Quantcast
Environmental News for a Healthier Planet and Life

Climate Change Debate Heats up between U.S. Senators

Climate
Climate Change Debate Heats up between U.S. Senators

Sen. Bernie Sanders

Photo by Joe Chung via Flickr.

In a summer of record heat, severe drought, extreme storms, melting glaciers and raging wildfires, Sen. Bernie Sanders (I-VT) today challenged claims by a leading Republican senator who dismisses global warming as a "hoax."

Sanders, in a  speech prepared for delivery to the Senate today, rebutted what he called "myths" espoused by Sen. James Inhofe (R-OK), the ranking Republican on the Senate Environment and Public Works Committee. "Many who take climate science seriously dismiss Sen. Inhofe. I believe that is a huge mistake," Sanders said of the Senate panel's former chairman. "For better or worse, when Sen. Inhofe speaks, the Republican Party follows. And when the Republican Party follows, it is impossible to get real work done in the Congress."

Inhofe's No. 1 myth, according to Sanders, is that "real scientists" say global warming is a hoax. In fact, the scientific consensus is nearly unanimous. "Global warming is unequivocal and primarily human-induced," according to the U.S. Global Change Research Program, which is made up of scientists at NASA, the U.S. Environmental Protection Agency and the departments of defense, agriculture, energy, state, health, transportation, commerce and interior.

The U.S. National Academy of Sciences and academies in Brazil, Canada, China, France, Germany, India, Italy, Japan, Mexico, Russia, South Africa and the United Kingdom all say "the need for urgent action to address climate change is now indisputable." Moreover, 18 scientific professional societies including the American Geophysical Union, the American Chemical Society and others say "climate change is occurring, and rigorous scientific research demonstrates that the greenhouse gases emitted by human activities are the primary driver."

"The bottom line,' Sanders said, "is that when Senator Inhofe says global warming is a hoax, he is just dead wrong according to the vast majority of climate scientists."

Another Inhofe myth is that the planet is cooling. Studies by NASA, based on records dating back a century, found that nine of the 10 warmest years on record occurred since 2000. Numerous other studies back up that conclusion.

Sanders said strong action to cut emissions would generate substantial energy savings, create good-paying jobs and help the economy grow. The cost of doing nothing, Sanders added, is already mounting. According to the insurance industry, property damage from extreme weather increased in the U.S. from $3 billion a year in the 1980's to $20 billion a year today.

"Unlike Sen. Inhofe, most Americans are seeing the evidence of global warming with their own eyes," Sanders said. So far this year, 2.1 million acres in the western U.S. have burned in wildfires, two-thirds of the country is experiencing drought, extreme summer storms have flooded parts of the Midwest and Atlantic seaboard and the last 12 months were the warmest 12-month period on record in the U.S.. Since last Jan. 1, cities and regions in the U.S. have set 40,000 records for high temperatures, according to the National Oceanic and Atmospheric Administration.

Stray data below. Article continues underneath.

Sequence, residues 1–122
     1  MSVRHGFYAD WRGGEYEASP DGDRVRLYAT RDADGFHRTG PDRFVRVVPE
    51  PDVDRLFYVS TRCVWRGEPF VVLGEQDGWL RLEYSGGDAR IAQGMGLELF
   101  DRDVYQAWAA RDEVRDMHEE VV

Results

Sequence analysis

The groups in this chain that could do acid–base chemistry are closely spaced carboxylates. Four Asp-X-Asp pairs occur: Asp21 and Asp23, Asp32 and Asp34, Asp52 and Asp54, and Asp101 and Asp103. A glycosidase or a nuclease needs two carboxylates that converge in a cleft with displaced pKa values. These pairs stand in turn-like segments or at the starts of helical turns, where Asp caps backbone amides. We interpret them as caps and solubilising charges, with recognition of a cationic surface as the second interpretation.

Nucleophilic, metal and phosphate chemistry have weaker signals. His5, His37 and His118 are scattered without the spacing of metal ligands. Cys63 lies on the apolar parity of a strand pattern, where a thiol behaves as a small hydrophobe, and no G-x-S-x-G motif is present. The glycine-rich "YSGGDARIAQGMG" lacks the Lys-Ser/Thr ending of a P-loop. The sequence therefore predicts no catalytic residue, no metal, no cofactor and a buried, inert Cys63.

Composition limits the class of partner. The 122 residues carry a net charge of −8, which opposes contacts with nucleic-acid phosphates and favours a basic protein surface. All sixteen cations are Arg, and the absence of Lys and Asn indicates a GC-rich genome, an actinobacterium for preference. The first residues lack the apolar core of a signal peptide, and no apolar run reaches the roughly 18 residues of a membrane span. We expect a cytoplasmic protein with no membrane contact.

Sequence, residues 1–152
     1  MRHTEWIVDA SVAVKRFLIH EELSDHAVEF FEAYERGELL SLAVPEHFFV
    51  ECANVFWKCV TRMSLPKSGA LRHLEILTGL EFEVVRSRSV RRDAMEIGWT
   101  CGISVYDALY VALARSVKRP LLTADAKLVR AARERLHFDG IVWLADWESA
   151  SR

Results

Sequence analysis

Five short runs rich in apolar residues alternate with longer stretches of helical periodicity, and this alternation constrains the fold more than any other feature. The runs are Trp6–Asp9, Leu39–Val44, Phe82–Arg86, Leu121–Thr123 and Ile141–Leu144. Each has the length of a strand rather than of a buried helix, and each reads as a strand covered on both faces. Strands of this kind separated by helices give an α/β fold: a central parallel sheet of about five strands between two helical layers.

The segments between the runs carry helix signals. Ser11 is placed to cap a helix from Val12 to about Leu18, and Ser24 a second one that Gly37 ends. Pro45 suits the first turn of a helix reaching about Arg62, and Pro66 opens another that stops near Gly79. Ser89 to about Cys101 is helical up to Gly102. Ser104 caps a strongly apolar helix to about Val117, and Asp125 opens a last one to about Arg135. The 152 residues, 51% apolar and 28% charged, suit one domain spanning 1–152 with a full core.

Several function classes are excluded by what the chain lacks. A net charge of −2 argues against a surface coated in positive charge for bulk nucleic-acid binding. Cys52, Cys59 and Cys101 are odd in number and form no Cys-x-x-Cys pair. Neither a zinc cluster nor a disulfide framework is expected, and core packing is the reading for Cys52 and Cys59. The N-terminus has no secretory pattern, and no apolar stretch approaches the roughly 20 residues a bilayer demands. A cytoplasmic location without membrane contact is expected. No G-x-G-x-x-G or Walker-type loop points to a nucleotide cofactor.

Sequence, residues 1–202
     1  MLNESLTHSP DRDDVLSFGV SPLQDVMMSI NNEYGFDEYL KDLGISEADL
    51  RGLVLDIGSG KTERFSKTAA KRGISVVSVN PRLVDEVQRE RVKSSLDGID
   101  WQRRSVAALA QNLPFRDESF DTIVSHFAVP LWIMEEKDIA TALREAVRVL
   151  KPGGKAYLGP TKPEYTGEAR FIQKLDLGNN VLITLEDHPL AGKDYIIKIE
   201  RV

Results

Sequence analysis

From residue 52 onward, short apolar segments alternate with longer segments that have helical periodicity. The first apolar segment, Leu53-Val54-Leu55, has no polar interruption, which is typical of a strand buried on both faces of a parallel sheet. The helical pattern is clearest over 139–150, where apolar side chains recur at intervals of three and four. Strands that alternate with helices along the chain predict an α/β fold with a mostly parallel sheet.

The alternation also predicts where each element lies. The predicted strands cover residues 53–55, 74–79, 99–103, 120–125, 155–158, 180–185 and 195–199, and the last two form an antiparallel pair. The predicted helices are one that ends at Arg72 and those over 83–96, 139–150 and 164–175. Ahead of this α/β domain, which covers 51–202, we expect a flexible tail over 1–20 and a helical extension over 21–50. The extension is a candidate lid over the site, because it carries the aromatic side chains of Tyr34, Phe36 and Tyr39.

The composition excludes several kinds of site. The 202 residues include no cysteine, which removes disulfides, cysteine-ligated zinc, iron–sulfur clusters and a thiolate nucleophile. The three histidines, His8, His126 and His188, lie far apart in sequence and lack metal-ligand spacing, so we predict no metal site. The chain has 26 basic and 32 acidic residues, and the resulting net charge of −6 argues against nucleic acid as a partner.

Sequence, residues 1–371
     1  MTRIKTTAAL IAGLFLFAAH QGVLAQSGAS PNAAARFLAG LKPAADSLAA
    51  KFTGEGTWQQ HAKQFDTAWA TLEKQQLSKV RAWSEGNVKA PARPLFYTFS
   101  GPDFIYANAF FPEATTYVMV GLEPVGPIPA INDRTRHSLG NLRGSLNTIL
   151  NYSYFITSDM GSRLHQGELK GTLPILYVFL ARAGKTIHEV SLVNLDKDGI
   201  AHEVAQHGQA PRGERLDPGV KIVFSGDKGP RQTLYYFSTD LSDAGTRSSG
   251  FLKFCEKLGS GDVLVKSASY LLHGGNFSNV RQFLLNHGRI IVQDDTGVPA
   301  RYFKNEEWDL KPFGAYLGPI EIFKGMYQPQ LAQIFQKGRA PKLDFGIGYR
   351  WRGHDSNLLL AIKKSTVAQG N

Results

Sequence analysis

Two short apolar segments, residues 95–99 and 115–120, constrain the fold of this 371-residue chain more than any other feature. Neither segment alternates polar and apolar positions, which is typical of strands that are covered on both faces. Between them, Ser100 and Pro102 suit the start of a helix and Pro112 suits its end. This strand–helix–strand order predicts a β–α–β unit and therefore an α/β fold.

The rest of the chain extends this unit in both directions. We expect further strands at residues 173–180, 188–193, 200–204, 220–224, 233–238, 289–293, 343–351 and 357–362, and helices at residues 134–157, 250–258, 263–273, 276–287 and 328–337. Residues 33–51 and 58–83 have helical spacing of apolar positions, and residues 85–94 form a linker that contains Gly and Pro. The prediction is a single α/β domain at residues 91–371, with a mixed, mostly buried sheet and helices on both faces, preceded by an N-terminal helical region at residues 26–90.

"The bad news is if we do nothing, the science is clear that temperatures will continue to increase, sea levels will continue to rise and extreme weather will become more frequent and devastating," Sanders said. "The good news is we have the technology to cut emissions today through efficiency and solar, wind, geothermal and biomass.

"It is time for Congress to get serious about global warming, and to work to transform our energy system. That starts by making sure that in this, the so-called greatest deliberative body, we deliberate with facts not myths," Sanders concluded.

Visit EcoWatch's CLIMATE CHANGE page for more related news on this topic.

 

Kelsey Mueller, 16, pets Ruby while waiting with her family to be escorted from the evacuation zone at the Shaver Lake Marina parking lot off of CA-168 during the Creek Fire on Sept. 7, 2020 in Shaver Lake, California. Kent Nishimura / Los Angeles Times / Getty Images

By Daisy Simmons

In a wildfire, hurricane, or other disaster, people with pets should heed the Humane Society's advice: If it isn't safe for you, it isn't safe for your animals either.

Read More Show Less

EcoWatch Daily Newsletter

The growing Texas solar industry is offering jobs to unemployed oil and gas professionals. King Lawrence / Getty Images

The growing Texas solar industry is offering a safe harbor to unemployed oil and gas professionals amidst the latest oil and gas industry bust, this one brought on by the novel coronavirus pandemic, the Houston Chronicle reports.

Read More Show Less

Trending

A 2019 Basel Convention amendment targeting plastic waste exports went into effect on Jan. 1. Boris Horvat / AFP / Getty Images

This month, a new era began in the fight against plastic pollution.

Read More Show Less
Reindeers at their winter location in northern Sweden on Feb. 4, 2020, near Ornskoldsvik. JONATHAN NACKSTRAND / AFP via Getty Images

Sweden's reindeer have a problem. In winter, they feed on lichens buried beneath the snow. But the climate crisis is making this difficult. Warmer temperatures mean moisture sometimes falls as rain instead of snow. When the air refreezes, a layer of ice forms between the reindeer and their meal, forcing them to wander further in search of ideal conditions. And sometimes, this means crossing busy roads.

Read More Show Less
The Great Lakes, including Lake Michigan, experienced some of their warmest temperatures on record in the summer of 2020. Ken Ilio / Moment / Getty Images

Heatwaves are not just distinct to the land. A recent study found lakes are susceptible to temperature rise too, causing "lake heatwaves," The Independent reported.

Read More Show Less